FDA delays decision on Rocket gene therapy

Feb. 14, 2024

The U.S. FDA has extended the priority review period by three months for Rocket Pharmaceuticals' autologous gene therapy for a rare pediatric immunodeficiency disorder.

The investigational therapy, branded Kresladi (marnetegragene autotemcel), originally had a PDUFA date of March 31 for leukocyte adhesion deficiency-I (LAD-I). The FDA pushed the date to June 30, to allow additional time to review clarifying chemistry, manufacturing and controls information submitted by Rocket in response to the agency's information requests. According to Rocket, the FDA confirmed no advisory committee meeting will be needed.

LAD-1 is caused by mutations in the ITGB2 gene encoding for the beta-2 integrin component CD18, a key protein needed to combat infections. Rocket's Kresladi contains autologous hematopoietic stem cells that have been genetically modified with a lentiviral vector to deliver a functional copy of the ITGB2 gene, which encodes for the beta-2 integrin component CD18.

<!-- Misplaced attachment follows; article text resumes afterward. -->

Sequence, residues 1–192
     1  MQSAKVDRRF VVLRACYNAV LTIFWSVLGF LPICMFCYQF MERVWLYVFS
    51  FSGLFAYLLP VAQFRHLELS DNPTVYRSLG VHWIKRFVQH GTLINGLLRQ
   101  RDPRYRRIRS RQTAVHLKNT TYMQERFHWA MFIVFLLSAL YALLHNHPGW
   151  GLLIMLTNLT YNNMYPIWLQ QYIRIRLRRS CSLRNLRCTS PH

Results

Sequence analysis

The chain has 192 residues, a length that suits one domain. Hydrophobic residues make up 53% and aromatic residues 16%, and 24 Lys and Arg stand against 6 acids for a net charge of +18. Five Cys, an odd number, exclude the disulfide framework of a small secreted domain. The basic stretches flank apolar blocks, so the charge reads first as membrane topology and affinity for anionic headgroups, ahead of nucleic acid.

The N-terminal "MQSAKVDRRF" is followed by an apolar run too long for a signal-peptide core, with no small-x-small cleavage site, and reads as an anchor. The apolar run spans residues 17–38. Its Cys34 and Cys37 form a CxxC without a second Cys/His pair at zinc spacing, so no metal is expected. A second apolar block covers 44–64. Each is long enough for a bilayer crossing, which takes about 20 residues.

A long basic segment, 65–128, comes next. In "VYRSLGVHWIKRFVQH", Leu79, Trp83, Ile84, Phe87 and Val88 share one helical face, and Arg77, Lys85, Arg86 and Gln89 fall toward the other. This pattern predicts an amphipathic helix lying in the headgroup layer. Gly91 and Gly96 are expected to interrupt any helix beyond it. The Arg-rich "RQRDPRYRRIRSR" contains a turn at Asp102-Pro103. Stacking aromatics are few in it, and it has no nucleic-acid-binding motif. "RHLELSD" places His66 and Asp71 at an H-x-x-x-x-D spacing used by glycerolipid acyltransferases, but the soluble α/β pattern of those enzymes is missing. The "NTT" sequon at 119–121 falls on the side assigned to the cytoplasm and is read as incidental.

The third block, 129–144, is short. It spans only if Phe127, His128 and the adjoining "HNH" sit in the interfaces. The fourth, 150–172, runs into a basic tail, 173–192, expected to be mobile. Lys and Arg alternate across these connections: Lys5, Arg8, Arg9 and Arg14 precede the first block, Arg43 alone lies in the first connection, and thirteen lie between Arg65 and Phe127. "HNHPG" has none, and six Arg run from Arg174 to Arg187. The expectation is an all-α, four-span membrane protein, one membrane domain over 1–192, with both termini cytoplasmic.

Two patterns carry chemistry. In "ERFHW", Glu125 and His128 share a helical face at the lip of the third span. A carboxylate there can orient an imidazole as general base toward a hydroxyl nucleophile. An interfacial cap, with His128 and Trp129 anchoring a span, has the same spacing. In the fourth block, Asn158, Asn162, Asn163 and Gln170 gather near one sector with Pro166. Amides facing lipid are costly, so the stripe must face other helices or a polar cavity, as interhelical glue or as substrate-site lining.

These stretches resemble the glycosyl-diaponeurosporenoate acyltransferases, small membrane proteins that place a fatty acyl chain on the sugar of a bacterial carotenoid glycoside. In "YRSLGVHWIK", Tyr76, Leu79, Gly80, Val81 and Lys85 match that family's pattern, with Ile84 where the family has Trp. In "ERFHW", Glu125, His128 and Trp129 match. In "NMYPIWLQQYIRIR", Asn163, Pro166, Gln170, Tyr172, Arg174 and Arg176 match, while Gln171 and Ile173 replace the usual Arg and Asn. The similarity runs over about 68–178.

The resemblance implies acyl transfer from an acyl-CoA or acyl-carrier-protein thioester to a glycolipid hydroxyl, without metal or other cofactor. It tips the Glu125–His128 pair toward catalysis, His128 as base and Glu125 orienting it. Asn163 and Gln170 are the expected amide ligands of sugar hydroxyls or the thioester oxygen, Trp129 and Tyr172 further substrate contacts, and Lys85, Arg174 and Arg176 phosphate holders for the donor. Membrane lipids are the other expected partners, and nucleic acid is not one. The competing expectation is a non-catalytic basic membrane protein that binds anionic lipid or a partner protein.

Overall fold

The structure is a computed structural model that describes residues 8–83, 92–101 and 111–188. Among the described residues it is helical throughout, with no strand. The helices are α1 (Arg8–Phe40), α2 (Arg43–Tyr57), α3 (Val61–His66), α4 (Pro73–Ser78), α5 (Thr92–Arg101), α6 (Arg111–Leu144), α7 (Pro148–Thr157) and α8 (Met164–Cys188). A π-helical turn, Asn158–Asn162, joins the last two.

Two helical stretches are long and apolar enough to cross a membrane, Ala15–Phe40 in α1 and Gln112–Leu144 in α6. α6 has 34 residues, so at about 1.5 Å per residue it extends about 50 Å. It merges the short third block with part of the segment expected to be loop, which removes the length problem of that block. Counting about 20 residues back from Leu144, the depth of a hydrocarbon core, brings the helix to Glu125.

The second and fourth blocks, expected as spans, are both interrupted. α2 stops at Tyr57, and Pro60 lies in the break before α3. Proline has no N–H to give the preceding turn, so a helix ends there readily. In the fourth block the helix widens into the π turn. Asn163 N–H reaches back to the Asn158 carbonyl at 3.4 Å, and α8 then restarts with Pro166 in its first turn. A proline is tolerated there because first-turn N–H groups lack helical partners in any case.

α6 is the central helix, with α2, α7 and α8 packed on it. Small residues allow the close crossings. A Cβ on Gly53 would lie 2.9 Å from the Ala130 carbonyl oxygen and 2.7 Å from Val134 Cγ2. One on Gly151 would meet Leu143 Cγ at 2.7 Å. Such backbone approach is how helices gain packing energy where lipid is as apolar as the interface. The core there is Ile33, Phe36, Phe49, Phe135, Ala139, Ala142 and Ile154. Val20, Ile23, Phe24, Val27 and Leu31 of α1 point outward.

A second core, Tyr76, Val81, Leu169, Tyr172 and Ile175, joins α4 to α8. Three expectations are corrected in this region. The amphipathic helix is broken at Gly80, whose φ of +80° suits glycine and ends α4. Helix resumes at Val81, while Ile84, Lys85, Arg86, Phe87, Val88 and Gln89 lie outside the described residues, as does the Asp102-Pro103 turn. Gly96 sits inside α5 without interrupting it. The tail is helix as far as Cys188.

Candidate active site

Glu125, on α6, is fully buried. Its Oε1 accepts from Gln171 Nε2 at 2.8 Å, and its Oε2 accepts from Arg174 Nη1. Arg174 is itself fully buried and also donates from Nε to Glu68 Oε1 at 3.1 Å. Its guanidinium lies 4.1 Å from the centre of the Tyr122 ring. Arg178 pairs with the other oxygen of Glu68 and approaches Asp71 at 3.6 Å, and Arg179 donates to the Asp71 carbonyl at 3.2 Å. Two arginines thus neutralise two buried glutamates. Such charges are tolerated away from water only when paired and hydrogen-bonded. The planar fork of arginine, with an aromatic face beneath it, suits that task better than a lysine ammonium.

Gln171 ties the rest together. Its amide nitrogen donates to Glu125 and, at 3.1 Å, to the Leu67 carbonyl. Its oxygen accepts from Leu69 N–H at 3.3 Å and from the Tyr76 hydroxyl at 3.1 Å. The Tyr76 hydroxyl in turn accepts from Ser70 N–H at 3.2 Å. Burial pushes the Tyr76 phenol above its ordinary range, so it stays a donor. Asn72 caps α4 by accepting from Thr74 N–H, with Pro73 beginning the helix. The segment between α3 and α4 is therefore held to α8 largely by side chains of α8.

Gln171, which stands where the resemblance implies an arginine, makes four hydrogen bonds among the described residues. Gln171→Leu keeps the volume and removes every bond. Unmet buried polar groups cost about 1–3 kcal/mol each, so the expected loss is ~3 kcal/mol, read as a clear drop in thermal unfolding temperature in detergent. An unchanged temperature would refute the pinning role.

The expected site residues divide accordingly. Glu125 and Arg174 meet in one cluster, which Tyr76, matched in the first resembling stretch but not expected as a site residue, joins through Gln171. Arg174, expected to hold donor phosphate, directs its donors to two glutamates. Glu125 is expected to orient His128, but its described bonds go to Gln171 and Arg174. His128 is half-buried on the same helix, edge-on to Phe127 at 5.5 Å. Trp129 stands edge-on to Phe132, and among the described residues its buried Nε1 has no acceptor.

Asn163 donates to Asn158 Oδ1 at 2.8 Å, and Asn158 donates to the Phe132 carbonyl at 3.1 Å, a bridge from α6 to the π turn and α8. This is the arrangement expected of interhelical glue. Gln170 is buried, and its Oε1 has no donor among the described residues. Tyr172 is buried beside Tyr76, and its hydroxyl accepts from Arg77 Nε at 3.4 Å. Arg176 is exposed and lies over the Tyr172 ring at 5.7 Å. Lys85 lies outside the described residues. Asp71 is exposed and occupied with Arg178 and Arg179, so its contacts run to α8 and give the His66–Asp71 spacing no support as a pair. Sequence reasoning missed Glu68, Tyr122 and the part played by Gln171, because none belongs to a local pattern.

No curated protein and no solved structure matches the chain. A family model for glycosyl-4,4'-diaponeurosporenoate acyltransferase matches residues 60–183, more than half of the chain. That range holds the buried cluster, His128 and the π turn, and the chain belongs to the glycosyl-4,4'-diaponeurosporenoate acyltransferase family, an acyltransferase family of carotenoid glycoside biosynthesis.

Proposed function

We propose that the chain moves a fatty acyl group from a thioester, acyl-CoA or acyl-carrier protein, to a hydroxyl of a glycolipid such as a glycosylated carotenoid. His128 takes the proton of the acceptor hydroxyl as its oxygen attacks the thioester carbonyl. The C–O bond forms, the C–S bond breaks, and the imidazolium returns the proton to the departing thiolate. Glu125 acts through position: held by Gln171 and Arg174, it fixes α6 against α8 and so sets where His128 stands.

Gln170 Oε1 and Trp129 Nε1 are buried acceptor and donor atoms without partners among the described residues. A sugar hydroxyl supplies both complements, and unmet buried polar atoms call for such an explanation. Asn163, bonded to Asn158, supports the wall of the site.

The NJ-based biotech is hopeful that the therapy has the potential to change the treatment paradigm for patients living with severe LAD-I — one of the most aggressive and highly fatal immunodeficiencies ever characterized. Without a successful bone marrow transplant, mortality in patients with severe LAD-I is 60-75% prior to the age of 2 and survival beyond the age of 5 is uncommon, according to Rocket.

Back in 2022, Rocket revealed promising phase 2 trial results: 3-24 months after Kresladi (then RP-L201) infusion, all nine trial patients sustained stable CD18 expression with no therapy-related serious adverse events. Furthermore, among all participants, the overall survival at one year was 100% — and patients are reporting a statistically significant reduction in all hospitalizations.